Specific examples of members of the cationic polysaccharide class include the cationic hydroxyethyl cellulose JR 400 made by Union Carbide Corporation; the cationic starches Stalok® 100, 200, 300, and 400 made by Staley, Inc.; the cationic galactomannans based on guar gum of the Galactasol 800 series by Henkel, Inc. and the Jaguar Series by Celanese Corporation.

The cationic copolymers of saccharides and synthetic cationic monomers useful in the present invention encompass those containing the following saccharides: Glucose, galactose, mannose, arabinose, xylose, fucose, fructose, glucosamine, galactosamine, glucuronic acid, galacturonic acid, and 5 or 6 membered rinse polyalcohols. Also included are hydroxymethyl, hydroxyethyl and hydroxypropyl derivatives of the above sugars. When saccharides are bonded to each other in the copolymers, they may be bonded via any of several arrangements, such as 1,4-α; 1,4-β; 1,3-α; 1,3-β and 1,6 linkages. The synthetic cationic monomers for use in these copolymers can include dimethyldiallylammonium chloride, dimethylaminoethylmethyacrylate, diethyldiallyl ammonium chloride, N,N-diallyl,N-N-dialklyl ammonium halides, and the like. A preferred cationic polymer is Polyquaternium 7 prepared with dimethyldiallylammonium chloride and acrylamide monomers.

Examples of members of the class of copolymers of saccharides and synthetic cationic monomers include those composed of cellulose derivatives (e.g. hydroxyethyl cellulose) and N,N-diallyl,N-N-dialkyl ammonium chloride available from National Starch Corporation under the tradename Celquat.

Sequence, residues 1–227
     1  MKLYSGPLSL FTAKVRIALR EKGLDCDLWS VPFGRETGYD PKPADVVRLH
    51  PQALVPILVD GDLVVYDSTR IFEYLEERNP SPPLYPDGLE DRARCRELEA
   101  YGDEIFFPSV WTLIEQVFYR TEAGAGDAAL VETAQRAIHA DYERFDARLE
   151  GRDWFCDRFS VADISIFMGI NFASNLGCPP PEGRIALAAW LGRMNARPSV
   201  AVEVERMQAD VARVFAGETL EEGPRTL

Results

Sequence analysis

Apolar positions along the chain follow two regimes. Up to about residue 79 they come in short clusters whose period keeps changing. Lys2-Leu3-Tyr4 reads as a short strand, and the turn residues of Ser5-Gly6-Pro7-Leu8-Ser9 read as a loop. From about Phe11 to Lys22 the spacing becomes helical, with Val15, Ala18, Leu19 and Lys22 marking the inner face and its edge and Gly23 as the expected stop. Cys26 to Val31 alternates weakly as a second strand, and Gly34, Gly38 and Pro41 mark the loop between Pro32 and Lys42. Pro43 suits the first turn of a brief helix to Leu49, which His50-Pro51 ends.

Further cationic synthetic polymers useful in the present invention are cationic polyalkylene imines, ethoxypolyalkelene imines, and poly {N-[3-(dimethylammonio)-propyl]-N′-[3-(ethyleneoxyethylene dimethylammoniumo)propyl]urea dichloride] the latter of which is available from Miranol Chemical Company, Inc. under the trademark of Miranol A-15, CAS Reg. No. 68555-336-2. Preferred cationic polymeric skin conditioning agents of the present invention are those cationic polysaccharides of the cationic guar gum class with molecular weights of 1,000 to 3,000,000. More preferred molecular weights are from 2,500 to 350,000. These polymers have a polysaccharide backbone comprised of galactomannan units and a degree of cationic substitution ranging from about 0.04 per anydroglucose unit to about 0.80 per anydroglucose unit with the substituent cationic group being the adduct of 2,3-epoxypropyl-trimethyl ammonium chloride to the natural polysaccharide backbone. Examples are JAGUAR C-4-S, C-15 and C-27 sold by Celanese Corporation, which trade literature reports have 1% viscosities of from 125 cps to about 3500±500 cps.